It's fascinating to see how French the southern conservatives can be, when they decide to shelve their moral principles.

Mark Sanford banked on that happening, and he cashed in. South Carolina's "love guv," who infamously faux-walked the Appalachian Trail while in reality stoking his extramarital Argentinian flame at taxpayer expense (and lying about it), completed his Christian redemption tour last night with a nine-point win over Democrat Elizabeth Colbert Busch in a special House election. He says he was "saved by God's grace." He now returns to Congress, where he once voted to impeach President Clinton for lying about extramarital sex ("I think what he did was reprehensible").

This election result is hardly a surprise. As I wrote back on April 3, "the Christian conservatism that would seem likely to destroy him - he cheated on his wife, lied about it, and ultimately dumped his wife - is the same strain of conservatism that seems to be saving him. For wayward southern politicians, it's actually a great deal. They can stray from the family nest and violate God's tenets - and then they can go to the voters and seek Christian forgiveness....No wonder Sanford keeps invoking what he calls 'the God of second chances.' Politically speaking, it's like a get-out-of-jail-free card. His Republican (candidacy) is proof that southern Christian conservatism fosters its own culture of permissiveness."

In a way, it's also very French - oui?

At first glance, the French have nothing in common with South Carolinians. (The French have no interest in evangelical Christianity, and they would never abide Waffle House.) But there seems to be some overlap on the issue of moral relativism. Just as the French greet straying politicians with a Gallic shrug, conservative southern Republicans forgive such trespasses when they deem it convenient.

Gov. Sanford covered up his affair, inducing his staffers to lie for him, until it was impossible to keep lying. He then proceeded to lie about the issue of taxpayer funds: "To be very clear, no public money was ever used...to advance my admitted unfathfulness." But when reporters dug into the public records, it soon became very clear that he had used public money. Only when he was cornered did he personally reimburse the money. The Republican legislature chose not to impeach him, formally censuring him instead.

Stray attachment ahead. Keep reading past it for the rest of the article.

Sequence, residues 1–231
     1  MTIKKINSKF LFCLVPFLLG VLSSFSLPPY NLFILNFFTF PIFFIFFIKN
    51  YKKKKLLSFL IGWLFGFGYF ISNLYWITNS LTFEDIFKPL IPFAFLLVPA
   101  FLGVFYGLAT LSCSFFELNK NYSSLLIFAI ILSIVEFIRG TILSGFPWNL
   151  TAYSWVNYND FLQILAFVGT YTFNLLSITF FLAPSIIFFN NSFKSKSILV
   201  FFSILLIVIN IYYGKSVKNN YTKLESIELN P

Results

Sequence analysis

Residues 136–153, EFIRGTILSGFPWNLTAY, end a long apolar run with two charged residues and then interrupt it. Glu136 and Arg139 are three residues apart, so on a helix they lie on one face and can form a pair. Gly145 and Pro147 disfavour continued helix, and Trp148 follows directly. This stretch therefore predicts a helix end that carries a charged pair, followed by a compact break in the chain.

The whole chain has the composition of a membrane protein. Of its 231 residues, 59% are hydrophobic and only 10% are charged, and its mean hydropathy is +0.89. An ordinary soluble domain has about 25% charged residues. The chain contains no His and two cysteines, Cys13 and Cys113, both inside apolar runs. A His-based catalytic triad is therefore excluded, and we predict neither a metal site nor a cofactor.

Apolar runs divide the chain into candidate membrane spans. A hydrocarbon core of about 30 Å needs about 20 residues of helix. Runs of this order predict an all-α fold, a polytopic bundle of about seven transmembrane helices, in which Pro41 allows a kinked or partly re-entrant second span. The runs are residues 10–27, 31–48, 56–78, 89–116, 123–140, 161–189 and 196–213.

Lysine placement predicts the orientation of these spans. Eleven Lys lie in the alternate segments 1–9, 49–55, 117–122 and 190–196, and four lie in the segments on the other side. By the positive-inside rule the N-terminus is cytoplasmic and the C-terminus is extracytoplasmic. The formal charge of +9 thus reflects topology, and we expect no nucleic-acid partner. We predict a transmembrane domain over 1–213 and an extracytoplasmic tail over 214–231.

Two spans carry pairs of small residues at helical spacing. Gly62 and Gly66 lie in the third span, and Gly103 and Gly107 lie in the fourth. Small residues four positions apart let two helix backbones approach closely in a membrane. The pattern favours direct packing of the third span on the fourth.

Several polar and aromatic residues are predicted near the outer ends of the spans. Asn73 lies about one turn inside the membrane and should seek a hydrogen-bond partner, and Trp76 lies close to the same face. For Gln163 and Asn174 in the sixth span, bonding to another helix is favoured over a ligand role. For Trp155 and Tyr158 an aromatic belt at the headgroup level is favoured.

Mindful of those '09 events, conservative voters in last night's House race gave a Gallic shrug. (David Vitter, the Louisiana Republican "family values" senator who was caught with hookers in 2007, but re-elected in 2010, no doubt nodded knowingly.) Indeed, when Sanford's tally was announced last night, I couldn't help but remember how the French reacted in 1996, when President Francois Mitterrand's mistress and illegitimate daughter showed up at his funeral - at the widow's invitation, no less. In a national poll, 71 percent of citizens said they weren't scandalized.

Southern Republicans mimicking the French - that's the most legitimate spin, in the wake of Sanford's win. Even a disgraced politician who breaches the marriage pact and is censured for breaking state ethics rules will be cleansed of his sins if he has the correct ideology.

And how fascinating it is to read the post-election spin from the GOP's House election strategists. Earlier this spring, after Sanford was caught trespassing at his ex-wife's house, the National Republican Congressional Committee summarily cut him loose, cut off his campaign money. But after the results rolled in last night, all mention of sin was instantly erased - and it was back to the ideological barricades: "Democrats spent more than $1 million trying to elect a candidate who was backed by the Democrat machine, but at the end of the day, running on the Obama-Pelosi ticket was just too toxic for Elizabeth Colbert Busch."

The NRCC is probably right about that. Ideology clearly trumped morality, in a House district that has never elected a Democrat since the dawn of the modern GOP era ushered in by Ronald Reagan. And Sanford represented most of that district anyway, during his earlier stint in Congress.

Speaking of Congress, Sanford critiqued the place quite accrurately in an interview back in 1998: "This is a human institution. Take it as a given that weird stuff goes on." His career revived by a Gallic shrug, he should fit right in.

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Thanks to legislative action yesterday, Delaware became the 11th state to legalize gay marriage - five days after gay marriage took the same route in Rhode Island; and six months after ballot wins in Maryland, Maine, and Washington. Legislatures in Minnesota and Illinois may soon act as well.

Quote of the day, from Delaware state senator Karen Peterson, who has lived with a female partner for two decades: "If my happiness somehow demeans or diminishes your marriage, then you need to work on your marriage."

Gee. Remember those not-too-distant days when gay marriage foes insisted that the issue should be determined by the people's elected representatives?

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